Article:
On Thursday, November 2nd, pianist Nikolai Lugansky played a recital in Miami, Florida. Over the years, I have had the privilege of hearing the seven Richter recitals in Carnegie Hall in 1960, the ten Rubinstein recitals in1961, Horowitz in November 1968 as well as producing recordings with Leonard Shure, Lazar Berman, Earl Wild, Nelson Freire, David Bar-Illan, Ivan Davis, Joseph Kalichstein and Seymour Lipkin, among others.
A few years previously, Lugansky was playing a recital the night that “Hurricane Sandy” was passing through Miami. As he was performing the last movement of the Rachmaninoff Second Sonata, the lights went out and the entire hall went totally dark – Lugansky didn’t miss a single note!
Thursday’s recital was the most stunning I have heard in many years. Lugansky began with Schumann’s Kinderszenen (“Scenes from Childhood”), which, despite its name and seemingly superficial innocence and charm, is really not a work intended for children, but a work that requires the interpretation of a sophisticated, mature artist – the last of its 13 pieces is akin to a valedictory speech. Interestingly enough, when one compares Schumann’s original edition with the later version edited by his wife, Clara one finds that Clara’s metronome markings are significantly different. Whether of not Mr. Lugansky was influenced by either set of metronome markings, we will never know, but in any case, he captured the various moods of this work with a gorgeous range of sonority and subtle pedal effects.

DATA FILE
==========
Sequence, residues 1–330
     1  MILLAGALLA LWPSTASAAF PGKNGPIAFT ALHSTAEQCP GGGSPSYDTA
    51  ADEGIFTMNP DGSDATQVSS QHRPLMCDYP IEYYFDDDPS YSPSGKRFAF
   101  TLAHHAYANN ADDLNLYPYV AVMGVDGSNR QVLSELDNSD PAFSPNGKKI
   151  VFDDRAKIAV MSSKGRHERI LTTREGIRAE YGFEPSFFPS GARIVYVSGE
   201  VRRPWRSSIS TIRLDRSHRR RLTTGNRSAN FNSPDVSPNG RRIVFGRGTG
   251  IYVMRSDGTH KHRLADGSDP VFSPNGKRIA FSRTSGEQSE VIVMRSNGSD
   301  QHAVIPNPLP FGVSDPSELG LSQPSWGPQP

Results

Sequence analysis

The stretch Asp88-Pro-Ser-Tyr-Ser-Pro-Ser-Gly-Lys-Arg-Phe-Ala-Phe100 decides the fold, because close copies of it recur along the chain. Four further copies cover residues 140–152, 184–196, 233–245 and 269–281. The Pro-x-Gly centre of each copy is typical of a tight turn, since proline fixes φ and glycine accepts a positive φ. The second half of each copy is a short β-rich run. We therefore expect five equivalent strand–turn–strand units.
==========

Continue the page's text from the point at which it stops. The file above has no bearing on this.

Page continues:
Chopin’s Barcarolle and F minor Ballade, two of his greatest works followed. In the Barcarolle, which Alfred Cortot noted had influenced Ravel, Lugansky captured its poetic subject perfectly, while in the last Ballade the hair-raising, dramatic passage that precedes the coda was projected with utmost excitement and huge sonority. The Ballade evoked an enthusiastic standing ovation.
After intermission, Lugansky played with great brilliance and feeling13 Rachmaninoff Preludes selected from Opus 23 and 32. Again the audience reacted with a huge spontaneous standing ovation.
As President and Artistic Director of Friends of Chamber Music of Miami, I was responsible for engaging Mr. Lugansky. Present in the audience was internationally known opera producer Bliss Hebert, who worked with Stravinsky for three years after studying piano with Robert Goldsand. His comment summed up Lugansky’s playing: “Not only does Lugansky have a consummate piano technique, those long fingers combined with great intelligence and sensitivity, create total magic. He possesses a great sense of color and theatrical drama, plus a MASTERFUL use of the pedal.
Chopin believed that the pedal was at the heart of piano technique.” We concur.